Mace CEO: taking advantage of smaller contractors ‘just not right’

Mace chief executive Mark Reynolds has hit out at clients imposing unfair contract conditions on smaller contractors, in the wake of widespread construction insolvencies.

Speaking to Construction News at the launch of the Construction Leadership Council’s bi-annual report, he said he hoped that stabilising inflation and the end of Covid disruption will encourage “common-sense behaviours, not unfair contract conditions” among clients.

He said: “Taking advantage of someone when they are trying to save their business and their family – it’s just not right.

“I have had supply chain come into my office, grown adults bawling their eyes out in front of me, because they care about their business and they’re worried. That is not a great place to be.”

He added that executives of smaller contractors are put off from seeking help for mental health issues caused by business pressures, due to fear clients will stop paying them.

He said: “The best thing we can do is get [economic] stability, work fairly, and not withhold money unfairly.”

His comments echoed a recent report from Mace’s consultancy arm, which warned against aggressive cuts to bid prices as contractors face dropping workloads.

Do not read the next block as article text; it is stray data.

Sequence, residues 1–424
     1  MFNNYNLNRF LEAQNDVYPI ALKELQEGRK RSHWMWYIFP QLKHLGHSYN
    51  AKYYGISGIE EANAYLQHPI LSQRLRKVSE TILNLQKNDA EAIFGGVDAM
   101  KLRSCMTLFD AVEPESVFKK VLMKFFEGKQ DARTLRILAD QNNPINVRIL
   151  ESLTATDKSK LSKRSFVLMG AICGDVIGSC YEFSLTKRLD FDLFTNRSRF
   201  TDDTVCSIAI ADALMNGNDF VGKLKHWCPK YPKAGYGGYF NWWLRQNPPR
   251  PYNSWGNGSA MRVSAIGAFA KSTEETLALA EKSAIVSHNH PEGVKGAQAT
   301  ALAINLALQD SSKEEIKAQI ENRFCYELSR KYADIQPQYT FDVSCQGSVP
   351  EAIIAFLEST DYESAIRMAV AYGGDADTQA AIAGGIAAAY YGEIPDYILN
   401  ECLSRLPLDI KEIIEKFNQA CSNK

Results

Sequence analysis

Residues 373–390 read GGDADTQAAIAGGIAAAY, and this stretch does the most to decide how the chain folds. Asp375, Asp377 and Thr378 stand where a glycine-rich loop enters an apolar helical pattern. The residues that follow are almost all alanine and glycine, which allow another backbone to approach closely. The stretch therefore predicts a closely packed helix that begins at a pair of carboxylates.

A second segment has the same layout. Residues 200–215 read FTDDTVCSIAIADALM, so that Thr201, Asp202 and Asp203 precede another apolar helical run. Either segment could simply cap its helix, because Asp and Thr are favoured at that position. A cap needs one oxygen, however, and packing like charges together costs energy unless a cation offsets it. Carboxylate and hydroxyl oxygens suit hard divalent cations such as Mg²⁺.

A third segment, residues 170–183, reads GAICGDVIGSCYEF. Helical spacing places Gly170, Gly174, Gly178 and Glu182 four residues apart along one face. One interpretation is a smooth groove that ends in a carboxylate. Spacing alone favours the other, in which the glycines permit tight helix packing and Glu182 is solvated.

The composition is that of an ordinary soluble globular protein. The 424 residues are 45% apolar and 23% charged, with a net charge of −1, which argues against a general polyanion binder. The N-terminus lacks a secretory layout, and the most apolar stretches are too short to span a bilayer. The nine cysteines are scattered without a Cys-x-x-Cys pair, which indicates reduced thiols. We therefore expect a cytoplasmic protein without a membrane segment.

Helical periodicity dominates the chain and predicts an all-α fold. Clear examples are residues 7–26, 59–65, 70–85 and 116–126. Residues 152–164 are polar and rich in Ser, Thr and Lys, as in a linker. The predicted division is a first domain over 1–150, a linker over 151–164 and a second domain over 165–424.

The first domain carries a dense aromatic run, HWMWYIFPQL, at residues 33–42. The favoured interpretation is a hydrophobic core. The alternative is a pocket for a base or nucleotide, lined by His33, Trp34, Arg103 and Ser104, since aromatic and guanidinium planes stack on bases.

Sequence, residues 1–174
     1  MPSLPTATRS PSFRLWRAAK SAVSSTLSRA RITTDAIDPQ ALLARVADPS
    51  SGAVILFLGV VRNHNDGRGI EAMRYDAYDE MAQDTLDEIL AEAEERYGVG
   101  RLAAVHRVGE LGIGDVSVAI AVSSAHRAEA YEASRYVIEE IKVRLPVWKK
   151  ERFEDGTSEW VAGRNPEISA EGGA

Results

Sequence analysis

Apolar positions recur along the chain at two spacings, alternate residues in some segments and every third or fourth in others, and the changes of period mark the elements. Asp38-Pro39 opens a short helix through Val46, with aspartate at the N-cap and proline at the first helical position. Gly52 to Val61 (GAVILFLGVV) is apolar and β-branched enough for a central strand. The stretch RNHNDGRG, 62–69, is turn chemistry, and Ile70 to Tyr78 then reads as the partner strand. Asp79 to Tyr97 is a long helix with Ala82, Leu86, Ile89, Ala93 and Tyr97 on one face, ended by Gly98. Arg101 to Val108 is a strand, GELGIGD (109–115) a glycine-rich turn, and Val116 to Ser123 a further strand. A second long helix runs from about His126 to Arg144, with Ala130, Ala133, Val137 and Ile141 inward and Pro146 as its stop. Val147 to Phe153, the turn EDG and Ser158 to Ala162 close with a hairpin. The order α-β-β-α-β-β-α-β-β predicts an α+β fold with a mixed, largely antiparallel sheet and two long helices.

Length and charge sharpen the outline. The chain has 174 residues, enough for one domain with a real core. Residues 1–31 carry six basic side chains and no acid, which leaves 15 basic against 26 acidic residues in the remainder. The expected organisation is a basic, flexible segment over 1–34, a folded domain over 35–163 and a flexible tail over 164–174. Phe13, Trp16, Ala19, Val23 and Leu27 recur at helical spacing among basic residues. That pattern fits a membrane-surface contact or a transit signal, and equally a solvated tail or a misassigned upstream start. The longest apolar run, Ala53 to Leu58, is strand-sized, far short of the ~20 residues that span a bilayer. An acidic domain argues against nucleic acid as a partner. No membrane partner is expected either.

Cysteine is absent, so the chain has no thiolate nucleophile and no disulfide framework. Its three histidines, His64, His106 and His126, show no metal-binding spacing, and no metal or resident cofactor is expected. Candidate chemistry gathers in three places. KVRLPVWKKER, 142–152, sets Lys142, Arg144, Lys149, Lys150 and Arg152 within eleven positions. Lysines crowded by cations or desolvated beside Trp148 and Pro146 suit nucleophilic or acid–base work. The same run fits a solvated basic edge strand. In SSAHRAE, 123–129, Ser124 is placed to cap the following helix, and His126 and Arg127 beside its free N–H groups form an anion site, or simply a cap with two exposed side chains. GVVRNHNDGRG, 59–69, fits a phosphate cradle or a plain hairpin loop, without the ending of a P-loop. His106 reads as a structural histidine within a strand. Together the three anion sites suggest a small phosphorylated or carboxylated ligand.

Reynolds also said he was concerned there would soon not be enough approved inspectors capable of working on major projects, due to the high level of technical competence required for complex schemes.

He said that while Mace and businesses of a similar scale were reviewing whether or not the approved inspectors they worked with would be certified after 6 April, smaller organisations have less capacity to anticipate potential construction delays.

According to Reynolds, the CLC is in dialogue with the Department for Levelling Up, Housing and Communities and the Building Safety Regulator about how to collectively manage the problem and quickly resolve issues once they arise.

He added: “In three years’ time we don’t want to be talking about building safety, because it’s embedded in the industry. We’re not there yet.”

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